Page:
AU - Bonifas, Andrew

AU - Ma, Jun

AU - Liu, Yuhao

AU - Xie, Xu

AU - Chen, Jin

AU - Liu, Yuting

AU - Shi, Zhan

AU - Wu, Tianqi

AU - Ning, Rui

AU - Li, Daizhen

AU - Sinha, Sanjiv

AU - Cahill, David G.

AU - Huang, Yonggang

AU - Rogers, John A.

PY - 2017/7/12

Y1 - 2017/7/12

N2 - Characterization of the thermal properties of the surface and subsurface structures of the skin can reveal the degree of hydration, the rate of blood flow in near-surface micro- and macrovasculature, and other important physiological information of relevance to dermatological and overall health status. Here, a soft, stretchable thermal sensor, based on the so-called three omega (i.e., 3ω) method, is introduced for accurate characterization of the thermal conductivity and diffusivity of materials systems, such as the skin, which can be challenging to measure using established techniques. Experiments on skin at different body locations and under different physical states demonstrate the possibilities. Systematic studies establish the underlying principles of operation in these unusual systems, thereby allowing rational design and use, through combined investigations based on analytical modeling, experimental measurements, and finite element analysis. The findings create broad opportunities for 3ω methods in biology, with utility ranging from the integration with surgical tools or implantable devices to noninvasive uses in clinical diagnostics and therapeutics.

AB - Characterization of the thermal properties of the surface and subsurface structures of the skin can reveal the degree of hydration, the rate of blood flow in near-surface micro- and macrovasculature, and other important physiological information of relevance to dermatological and overall health status. Here, a soft, stretchable thermal sensor, based on the so-called three omega (i.e., 3ω) method, is introduced for accurate characterization of the thermal conductivity and diffusivity of materials systems, such as the skin, which can be challenging to measure using established techniques. Experiments on skin at different body locations and under different physical states demonstrate the possibilities. Systematic studies establish the underlying principles of operation in these unusual systems, thereby allowing rational design and use, through combined investigations based on analytical modeling, experimental measurements, and finite element analysis. The findings create broad opportunities for 3ω methods in biology, with utility ranging from the integration with surgical tools or implantable devices to noninvasive uses in clinical diagnostics and therapeutics.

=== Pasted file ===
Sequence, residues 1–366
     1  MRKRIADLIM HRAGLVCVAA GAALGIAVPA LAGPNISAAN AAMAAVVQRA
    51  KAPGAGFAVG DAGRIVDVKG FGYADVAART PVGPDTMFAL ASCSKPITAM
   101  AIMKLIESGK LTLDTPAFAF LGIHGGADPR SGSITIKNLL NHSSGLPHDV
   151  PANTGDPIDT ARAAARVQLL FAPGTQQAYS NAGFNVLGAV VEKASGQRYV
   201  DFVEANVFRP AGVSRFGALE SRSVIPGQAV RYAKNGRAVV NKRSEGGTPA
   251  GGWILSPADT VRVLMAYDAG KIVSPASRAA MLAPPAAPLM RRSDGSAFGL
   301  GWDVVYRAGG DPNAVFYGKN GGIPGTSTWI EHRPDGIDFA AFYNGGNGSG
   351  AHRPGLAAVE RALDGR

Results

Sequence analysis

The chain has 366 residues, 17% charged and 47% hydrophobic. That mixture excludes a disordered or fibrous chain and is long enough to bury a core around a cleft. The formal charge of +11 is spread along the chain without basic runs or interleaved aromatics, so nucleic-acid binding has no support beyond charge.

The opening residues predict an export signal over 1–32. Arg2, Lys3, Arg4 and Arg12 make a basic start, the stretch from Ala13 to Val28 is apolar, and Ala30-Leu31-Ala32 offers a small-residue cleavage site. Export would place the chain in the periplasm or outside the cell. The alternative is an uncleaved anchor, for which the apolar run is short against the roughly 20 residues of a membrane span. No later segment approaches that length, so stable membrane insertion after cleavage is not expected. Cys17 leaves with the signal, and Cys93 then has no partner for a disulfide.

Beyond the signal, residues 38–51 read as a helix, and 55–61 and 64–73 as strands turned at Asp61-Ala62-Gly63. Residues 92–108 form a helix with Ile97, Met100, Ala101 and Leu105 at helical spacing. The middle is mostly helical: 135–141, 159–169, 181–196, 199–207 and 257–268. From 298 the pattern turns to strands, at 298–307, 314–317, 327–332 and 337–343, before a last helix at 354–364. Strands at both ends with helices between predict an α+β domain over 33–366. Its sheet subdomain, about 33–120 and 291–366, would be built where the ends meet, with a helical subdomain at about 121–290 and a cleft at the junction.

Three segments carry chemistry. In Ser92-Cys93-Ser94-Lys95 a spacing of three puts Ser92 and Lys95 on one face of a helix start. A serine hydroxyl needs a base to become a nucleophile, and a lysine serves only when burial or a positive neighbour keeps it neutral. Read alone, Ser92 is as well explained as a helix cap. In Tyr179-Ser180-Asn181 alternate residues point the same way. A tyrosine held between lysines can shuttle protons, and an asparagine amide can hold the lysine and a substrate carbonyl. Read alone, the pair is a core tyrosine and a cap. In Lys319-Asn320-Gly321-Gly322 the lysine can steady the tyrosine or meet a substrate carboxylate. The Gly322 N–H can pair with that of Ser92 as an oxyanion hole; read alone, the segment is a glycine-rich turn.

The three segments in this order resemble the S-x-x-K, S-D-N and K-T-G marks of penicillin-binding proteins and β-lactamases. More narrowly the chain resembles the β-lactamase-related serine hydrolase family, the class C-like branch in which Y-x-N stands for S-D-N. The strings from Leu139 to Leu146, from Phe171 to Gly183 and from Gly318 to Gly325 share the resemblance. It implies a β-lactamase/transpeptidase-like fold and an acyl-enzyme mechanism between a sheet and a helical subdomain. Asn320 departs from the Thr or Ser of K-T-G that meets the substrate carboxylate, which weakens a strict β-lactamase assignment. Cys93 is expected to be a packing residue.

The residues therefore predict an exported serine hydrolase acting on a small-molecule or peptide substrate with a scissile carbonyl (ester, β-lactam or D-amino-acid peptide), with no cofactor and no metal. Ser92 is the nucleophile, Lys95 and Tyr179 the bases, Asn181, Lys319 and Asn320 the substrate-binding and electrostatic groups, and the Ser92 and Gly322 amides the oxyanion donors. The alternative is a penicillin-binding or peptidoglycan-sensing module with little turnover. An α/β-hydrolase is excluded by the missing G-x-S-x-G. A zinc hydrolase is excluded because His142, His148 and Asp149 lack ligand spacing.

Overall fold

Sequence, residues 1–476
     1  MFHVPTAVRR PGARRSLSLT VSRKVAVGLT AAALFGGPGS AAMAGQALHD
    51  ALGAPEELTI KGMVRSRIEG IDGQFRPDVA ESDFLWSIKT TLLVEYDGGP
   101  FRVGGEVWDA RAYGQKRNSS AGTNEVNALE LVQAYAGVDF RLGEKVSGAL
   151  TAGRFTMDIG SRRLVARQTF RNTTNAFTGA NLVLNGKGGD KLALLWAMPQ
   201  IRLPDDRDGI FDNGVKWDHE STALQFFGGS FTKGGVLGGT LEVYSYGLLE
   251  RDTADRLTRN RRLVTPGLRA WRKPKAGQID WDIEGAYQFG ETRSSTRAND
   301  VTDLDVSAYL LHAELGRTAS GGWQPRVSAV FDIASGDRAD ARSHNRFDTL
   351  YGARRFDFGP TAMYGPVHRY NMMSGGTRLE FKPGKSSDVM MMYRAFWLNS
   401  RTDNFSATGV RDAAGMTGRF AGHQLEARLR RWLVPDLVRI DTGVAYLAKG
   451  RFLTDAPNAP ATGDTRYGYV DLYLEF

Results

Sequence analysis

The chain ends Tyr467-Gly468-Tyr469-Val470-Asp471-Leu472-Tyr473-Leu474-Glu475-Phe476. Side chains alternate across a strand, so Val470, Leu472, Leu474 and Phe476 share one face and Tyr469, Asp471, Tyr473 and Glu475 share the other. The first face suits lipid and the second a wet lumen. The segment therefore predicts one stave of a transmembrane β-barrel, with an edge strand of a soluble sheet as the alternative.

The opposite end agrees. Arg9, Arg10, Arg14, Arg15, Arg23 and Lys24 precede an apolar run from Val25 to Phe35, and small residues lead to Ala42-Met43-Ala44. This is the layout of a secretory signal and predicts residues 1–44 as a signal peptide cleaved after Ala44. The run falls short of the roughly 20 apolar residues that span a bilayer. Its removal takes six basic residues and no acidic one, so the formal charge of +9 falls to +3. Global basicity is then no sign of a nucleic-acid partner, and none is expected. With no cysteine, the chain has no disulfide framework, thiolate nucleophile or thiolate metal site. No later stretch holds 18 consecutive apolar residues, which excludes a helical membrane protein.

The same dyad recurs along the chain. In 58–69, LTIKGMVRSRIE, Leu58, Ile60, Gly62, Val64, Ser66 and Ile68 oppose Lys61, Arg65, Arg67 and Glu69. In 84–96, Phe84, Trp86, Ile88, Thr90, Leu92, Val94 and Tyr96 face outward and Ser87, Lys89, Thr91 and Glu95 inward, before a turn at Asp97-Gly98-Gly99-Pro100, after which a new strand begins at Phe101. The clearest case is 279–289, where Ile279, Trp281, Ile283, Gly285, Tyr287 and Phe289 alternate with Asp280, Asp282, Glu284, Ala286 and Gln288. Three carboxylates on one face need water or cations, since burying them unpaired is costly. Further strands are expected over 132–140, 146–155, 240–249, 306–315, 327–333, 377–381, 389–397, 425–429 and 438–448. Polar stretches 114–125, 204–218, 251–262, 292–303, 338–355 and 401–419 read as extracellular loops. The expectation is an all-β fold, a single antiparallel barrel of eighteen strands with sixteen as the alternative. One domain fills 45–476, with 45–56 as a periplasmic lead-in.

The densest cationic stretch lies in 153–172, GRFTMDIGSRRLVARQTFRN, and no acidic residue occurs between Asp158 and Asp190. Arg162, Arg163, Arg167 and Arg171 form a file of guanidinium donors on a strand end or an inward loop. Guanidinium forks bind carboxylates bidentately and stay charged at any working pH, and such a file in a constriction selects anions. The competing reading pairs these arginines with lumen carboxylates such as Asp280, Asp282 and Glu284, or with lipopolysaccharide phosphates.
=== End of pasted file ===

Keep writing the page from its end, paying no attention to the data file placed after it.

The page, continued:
KW - 3ω sensors

KW - alternating current

KW - epidermal electronics

KW - thermal characterization

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U2 - 10.1002/adfm.201701282

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M3 - Article